By now, you've probably heard about DNSChanger, a piece of malicious software that has found its way onto millions of computers worldwide. On Monday, any computer still infected with the software will be unable to connect to the Internet, leaving users in the dark forever. Or at least until they have to shell out hundreds of dollars for a new computer.
So what is this malicious software and how does it work? Don't worry, we've got you covered.
How DNSChanger Works
When you type an address into your web browser, your computer does some complicated work behind the scenes. Domain Name System (DNS) keeps takes those domain names and changes them into numeric Internet Protocol (IP) addresses. Your Web browser then uses the numeric address to connect to the website requested.
Think of it like a phone book. You know the name you want, and the DNS knows the correct number.
DNSChanger does exactly what the name sounds like. It changes a computer's DNS to instead connect to rogue DNS servers, sending users to fraudulent websites that made spammers millions of dollars.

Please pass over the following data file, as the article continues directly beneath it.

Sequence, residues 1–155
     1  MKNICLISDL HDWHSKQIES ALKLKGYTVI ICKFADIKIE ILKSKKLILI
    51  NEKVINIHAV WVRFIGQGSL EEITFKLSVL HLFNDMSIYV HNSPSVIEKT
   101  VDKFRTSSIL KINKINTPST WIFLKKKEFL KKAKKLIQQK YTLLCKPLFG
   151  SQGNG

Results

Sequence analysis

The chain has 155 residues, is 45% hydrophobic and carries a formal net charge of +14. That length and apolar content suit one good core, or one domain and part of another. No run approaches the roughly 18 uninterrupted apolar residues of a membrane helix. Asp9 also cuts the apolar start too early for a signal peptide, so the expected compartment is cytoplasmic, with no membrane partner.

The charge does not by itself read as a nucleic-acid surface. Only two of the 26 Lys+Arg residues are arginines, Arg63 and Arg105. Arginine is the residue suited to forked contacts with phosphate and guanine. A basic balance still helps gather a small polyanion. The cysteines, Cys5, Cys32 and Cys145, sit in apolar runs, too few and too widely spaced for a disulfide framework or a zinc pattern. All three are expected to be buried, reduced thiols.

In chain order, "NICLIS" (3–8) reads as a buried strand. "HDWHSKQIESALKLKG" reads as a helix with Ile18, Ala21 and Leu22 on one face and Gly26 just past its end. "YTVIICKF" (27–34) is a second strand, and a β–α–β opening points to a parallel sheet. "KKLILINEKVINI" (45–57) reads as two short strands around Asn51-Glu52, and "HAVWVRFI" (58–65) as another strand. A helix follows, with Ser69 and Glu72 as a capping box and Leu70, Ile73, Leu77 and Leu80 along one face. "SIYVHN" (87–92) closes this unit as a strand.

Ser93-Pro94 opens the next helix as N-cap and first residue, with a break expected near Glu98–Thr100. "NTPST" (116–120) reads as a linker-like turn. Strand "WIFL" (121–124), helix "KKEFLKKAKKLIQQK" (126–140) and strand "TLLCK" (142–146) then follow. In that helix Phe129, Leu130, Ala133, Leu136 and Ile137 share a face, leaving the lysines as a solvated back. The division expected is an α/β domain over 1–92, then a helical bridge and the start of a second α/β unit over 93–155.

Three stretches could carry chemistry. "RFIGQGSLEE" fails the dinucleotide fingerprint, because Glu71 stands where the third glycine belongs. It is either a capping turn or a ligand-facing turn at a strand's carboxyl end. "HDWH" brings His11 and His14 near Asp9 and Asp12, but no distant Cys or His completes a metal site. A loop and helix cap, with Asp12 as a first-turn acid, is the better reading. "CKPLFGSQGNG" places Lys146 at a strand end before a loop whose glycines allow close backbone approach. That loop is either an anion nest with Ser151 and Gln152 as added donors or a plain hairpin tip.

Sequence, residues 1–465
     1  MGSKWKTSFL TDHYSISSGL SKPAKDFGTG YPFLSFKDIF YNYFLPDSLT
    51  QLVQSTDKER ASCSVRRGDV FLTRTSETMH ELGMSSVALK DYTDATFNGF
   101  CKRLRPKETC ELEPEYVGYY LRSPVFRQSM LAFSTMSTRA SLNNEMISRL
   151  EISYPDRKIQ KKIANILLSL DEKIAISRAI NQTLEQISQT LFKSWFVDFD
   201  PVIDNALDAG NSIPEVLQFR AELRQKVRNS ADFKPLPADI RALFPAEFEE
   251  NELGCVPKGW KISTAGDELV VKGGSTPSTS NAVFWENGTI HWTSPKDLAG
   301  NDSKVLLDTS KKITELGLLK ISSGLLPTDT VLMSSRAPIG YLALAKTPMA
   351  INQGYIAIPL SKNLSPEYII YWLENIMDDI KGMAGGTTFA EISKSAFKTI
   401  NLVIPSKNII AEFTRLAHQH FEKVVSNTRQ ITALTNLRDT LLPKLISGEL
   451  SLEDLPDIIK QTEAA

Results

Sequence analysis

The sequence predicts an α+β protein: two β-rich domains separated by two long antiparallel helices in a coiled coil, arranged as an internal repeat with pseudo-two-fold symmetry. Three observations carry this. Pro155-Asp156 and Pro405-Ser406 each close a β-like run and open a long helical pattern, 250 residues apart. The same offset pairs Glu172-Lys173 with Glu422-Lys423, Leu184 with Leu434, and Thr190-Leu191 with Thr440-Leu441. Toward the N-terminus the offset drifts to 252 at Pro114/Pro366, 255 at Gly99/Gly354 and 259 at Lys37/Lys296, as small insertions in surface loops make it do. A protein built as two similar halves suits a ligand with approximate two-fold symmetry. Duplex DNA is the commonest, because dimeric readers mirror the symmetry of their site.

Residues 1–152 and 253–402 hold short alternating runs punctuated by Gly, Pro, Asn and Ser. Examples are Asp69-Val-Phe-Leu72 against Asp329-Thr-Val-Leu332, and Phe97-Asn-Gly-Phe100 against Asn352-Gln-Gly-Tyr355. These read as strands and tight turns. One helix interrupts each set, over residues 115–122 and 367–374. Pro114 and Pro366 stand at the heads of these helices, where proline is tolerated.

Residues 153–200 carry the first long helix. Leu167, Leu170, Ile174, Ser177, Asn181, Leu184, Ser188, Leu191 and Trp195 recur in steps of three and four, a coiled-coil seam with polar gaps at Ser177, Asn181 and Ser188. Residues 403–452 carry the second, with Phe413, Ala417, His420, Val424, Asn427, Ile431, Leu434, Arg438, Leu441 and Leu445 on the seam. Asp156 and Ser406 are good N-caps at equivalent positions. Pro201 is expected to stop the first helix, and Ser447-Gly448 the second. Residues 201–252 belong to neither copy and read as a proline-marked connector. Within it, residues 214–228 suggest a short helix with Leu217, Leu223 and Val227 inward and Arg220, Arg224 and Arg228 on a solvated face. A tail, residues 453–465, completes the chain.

The FBI was able to shut the ring down, but the damage still remains on many users' computers. To combat this, the intelligence organization set up a temporary safety net that redirects corrupted DNSs to the proper IP addresses. That safety net is set to go down on Monday, and anyone who remains infected will lose the ability to access the Internet.
How To Know If You're Infected
The first thing anyone needs to do is check to see if they have the virus. There are plenty of sites out there that will check computers to see if their DNS is working properly. The easiest is http://www.dns-ok.us/.
The site is painless and easy to use, and it doesn't require a download of any kind. If the result comes up green, your computer is free of infection. You can close out of this article and continue procrastinating at work.
If it comes up red, you'll need to keep reading below.
What To Do If You're Infected
If you have the malware installed on your PC, the first thing you'll need to do is make a backup your important data. If you don't have an external hard drive, you can easily find one at any store that carries computer accessories.
Once you have secured your data, you'll need to download a security program designed to discover and remove malware and viruses. Those running PCs may want to consider Windows Defender, while Mac users should check out MacScan. Both programs are free to download.
Finally, it's important to note that the malware may have affected your computer in other ways. Check bank statements and other financial information for any suspicious activity.
For more detailed instructions, visit the DNSChanger Working Group.
Eric Brown is an IBTimes political reporter who eats far too much pizza. He is a graduate of Mercer University in Macon, Georgia, and currently resides in Brooklyn.